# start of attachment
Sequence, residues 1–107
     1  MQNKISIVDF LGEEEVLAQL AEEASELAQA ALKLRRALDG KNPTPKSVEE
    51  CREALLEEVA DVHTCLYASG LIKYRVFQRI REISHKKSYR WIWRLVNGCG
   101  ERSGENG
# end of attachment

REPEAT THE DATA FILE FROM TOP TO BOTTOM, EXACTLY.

Sequence, residues 1–107
     1  MQNKISIVDF LGEEEVLAQL AEEASELAQA ALKLRRALDG KNPTPKSVEE
    51  CREALLEEVA DVHTCLYASG LIKYRVFQRI REISHKKSYR WIWRLVNGCG
   101  ERSGENG